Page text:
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Like You Like It

Theatre Review by Matthew Murray

If nostalgia arrives in 20-year cycles, that means we can all look forward to a spate of shows celebrating the 1980s in all their pastel-colored, self-absorbed glory. But let us all hope that, when those shows arrive, they turn out a bit better than Sammy Buck and Daniel S. Acquisto's Like You Like It, now playing at the New York Musical Theatre Festival.

This musical updating of William Shakespeare's classic comedy As You Like It doesn't suffer from blandness as much as predictability; giving the situations of Shakespeare's forlorn city dwellers, who convene for various reasons in the pastoral Forest of Arden to further confuse and eventually unravel their various romantic entanglements, to high school students is hardly a stretch. And, from there, it doesn't take much dramatic maneuvering to impose 1980s teen-film values on the kids and send up Elizabethan drama and the adolescent angst movie genre all at once.

The result is a somewhat stilted combination of As You Like It, The Breakfast Club, and Just One of the Guys. The last named is particularly appropriate, given As You Like It's heavy reliance on cross-dressing, disguises, and other sorts of physical misdirection to make sure that everything will be as convoluted as possible en route to the happy ending. Buck's book changes a number of details, but remains essentially faithful to this idea.

Composer Acquisto also gleefully sends up the era's music, and the tunes he's devised incorporate various rock, punk, and pop styles with an over-abundance of ridiculously flashy synthesizer riffs that could not possibly be more period appropriate. (The music director is Gillian Berkowitz.) Acquisto and Buck (also the show's lyricist) even do a decent enough job of tying in their '80s tributes to the characters, providing the obligatory angsty duets, hard-pounding group numbers, and throaty wails just as Buck's script requires them.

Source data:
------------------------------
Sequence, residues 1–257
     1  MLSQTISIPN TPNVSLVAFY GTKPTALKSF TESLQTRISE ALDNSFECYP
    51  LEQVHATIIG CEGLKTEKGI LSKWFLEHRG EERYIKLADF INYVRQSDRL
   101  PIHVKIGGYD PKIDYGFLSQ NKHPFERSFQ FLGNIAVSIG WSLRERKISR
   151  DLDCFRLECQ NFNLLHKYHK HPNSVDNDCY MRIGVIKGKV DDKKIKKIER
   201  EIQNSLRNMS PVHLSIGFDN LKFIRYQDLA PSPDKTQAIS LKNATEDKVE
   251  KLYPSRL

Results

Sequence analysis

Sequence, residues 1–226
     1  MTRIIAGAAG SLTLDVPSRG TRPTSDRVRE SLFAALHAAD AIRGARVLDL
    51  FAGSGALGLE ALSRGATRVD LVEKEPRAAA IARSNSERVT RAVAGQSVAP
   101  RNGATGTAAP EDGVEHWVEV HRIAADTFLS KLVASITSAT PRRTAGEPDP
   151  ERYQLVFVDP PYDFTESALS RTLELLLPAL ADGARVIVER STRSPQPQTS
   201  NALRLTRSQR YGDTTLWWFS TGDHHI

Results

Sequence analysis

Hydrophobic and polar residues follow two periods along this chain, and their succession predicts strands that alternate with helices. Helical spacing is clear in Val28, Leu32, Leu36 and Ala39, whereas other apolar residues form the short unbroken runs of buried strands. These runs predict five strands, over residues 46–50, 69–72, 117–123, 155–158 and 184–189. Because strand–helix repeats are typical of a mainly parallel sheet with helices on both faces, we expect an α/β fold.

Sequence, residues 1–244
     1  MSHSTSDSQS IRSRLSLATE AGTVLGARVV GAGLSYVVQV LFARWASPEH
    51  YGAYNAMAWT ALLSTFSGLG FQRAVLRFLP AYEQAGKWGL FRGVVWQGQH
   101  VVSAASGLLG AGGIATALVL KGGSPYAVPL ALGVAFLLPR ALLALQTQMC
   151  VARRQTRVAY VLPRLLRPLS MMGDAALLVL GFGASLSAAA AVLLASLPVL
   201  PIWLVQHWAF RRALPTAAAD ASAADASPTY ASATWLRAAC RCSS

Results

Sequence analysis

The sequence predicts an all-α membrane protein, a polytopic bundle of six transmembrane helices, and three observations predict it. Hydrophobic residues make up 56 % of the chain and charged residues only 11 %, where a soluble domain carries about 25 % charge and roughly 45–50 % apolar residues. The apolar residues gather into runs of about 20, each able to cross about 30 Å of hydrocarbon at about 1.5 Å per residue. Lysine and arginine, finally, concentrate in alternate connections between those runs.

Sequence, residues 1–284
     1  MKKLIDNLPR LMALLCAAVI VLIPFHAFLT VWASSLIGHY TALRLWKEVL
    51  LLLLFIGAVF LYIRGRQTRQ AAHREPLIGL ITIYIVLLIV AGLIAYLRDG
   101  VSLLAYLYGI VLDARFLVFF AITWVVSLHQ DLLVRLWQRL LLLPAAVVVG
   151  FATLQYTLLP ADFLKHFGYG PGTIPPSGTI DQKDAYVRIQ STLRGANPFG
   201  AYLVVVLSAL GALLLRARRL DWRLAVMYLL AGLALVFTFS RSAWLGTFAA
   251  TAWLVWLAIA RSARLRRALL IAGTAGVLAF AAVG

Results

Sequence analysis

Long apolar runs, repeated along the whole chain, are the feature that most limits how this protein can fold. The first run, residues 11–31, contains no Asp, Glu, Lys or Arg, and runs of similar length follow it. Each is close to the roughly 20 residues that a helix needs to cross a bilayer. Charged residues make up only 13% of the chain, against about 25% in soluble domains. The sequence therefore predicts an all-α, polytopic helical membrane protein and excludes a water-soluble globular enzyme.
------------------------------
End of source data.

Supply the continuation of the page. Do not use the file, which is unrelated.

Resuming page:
But while Buck finds some decent humor in his character names - my favorite was Audrey Shepherd (she's given an ideal spoiled-girl rendition by Joanna Young) - insight and cleverness are in otherwise short supply. Most of what substance and dramatic weight As You Like It has have been eviscerated in this adaptation; these problems are simply less compellingly theatrical when recast as high-schoolers for whom none of this is really out of the ordinary. (And, when it's not really bursting with style or originality, it's not particularly satisfying to watch.)

Among the problems: The original play's interweaving subplots and social and sexual commentary are simplified almost to non-existence here, making the central love story - between Rosalind (Rebecca Bellingham) and Orlando (Charlie Mechling) extremely conventional and only intermittently interesting. The character of Orlando's brother Oliver, so vital to jump-starting the original play's plot, is reconceived here as the school's truant officer, who threatens the students to mask his own insecurities, but is otherwise never threatening. His major role in the show is to serve as the centerpiece of a second-act makeover montage, and actor Colby Foytik does a good Don Johnson impression following his transformation.

The best of Buck's innovations involve Phil and Sylvie (Joshua Park and Monica Yudovich), two students who carry on an on-again-off-again relationship of unspoken feelings through most of the play. Philip's attraction toward Rosalind - who's dressed as a male at the time - provides a bit of an examination of sexual identity that seems not at all out of place in a story of this nature. More of these original touches could only help; director Jen Bender and choreographer Stephen Nachamie do a fine job of recreating the '80s in look and spirit, but can't compensate for the often banal writing.

Of the performers, only Michele Ragusa - as the lead singer of the Seven Stages of Man, the band that narrates the story - makes much of an impression, with a dynamic voice and comic timing that allow her to stand apart from the other talented, if unexceptional, performers. The best of the rest is the sharp and funny Young, though Park derives some nice moments from his character's confusion, and Tara Sands plays the role of material girl Celia Duke to the hilt. The actors are all garishly (but attractively) costumed by Vanessa Leuck in a range of Technicolor '80s fashions.

But while those clothes contribute a surprising amount to what success the show has at evoking the bygone decade, this adaptation is never as bright and funny as it aspires to be. At least the concept itself is a potentially winning one, and definitely workable; as a statement of purpose, "As You Like It set in 1985" is great place to start, but Like You Like It never takes that idea much farther.

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New York Musical Theatre Festival
Like You Like It
Through October 2
Running Time: 2 hours, 10 minutes with one intermission
Beckett Theatre, 410 West 42nd Street
Schedule and Tickets: 212.352.3101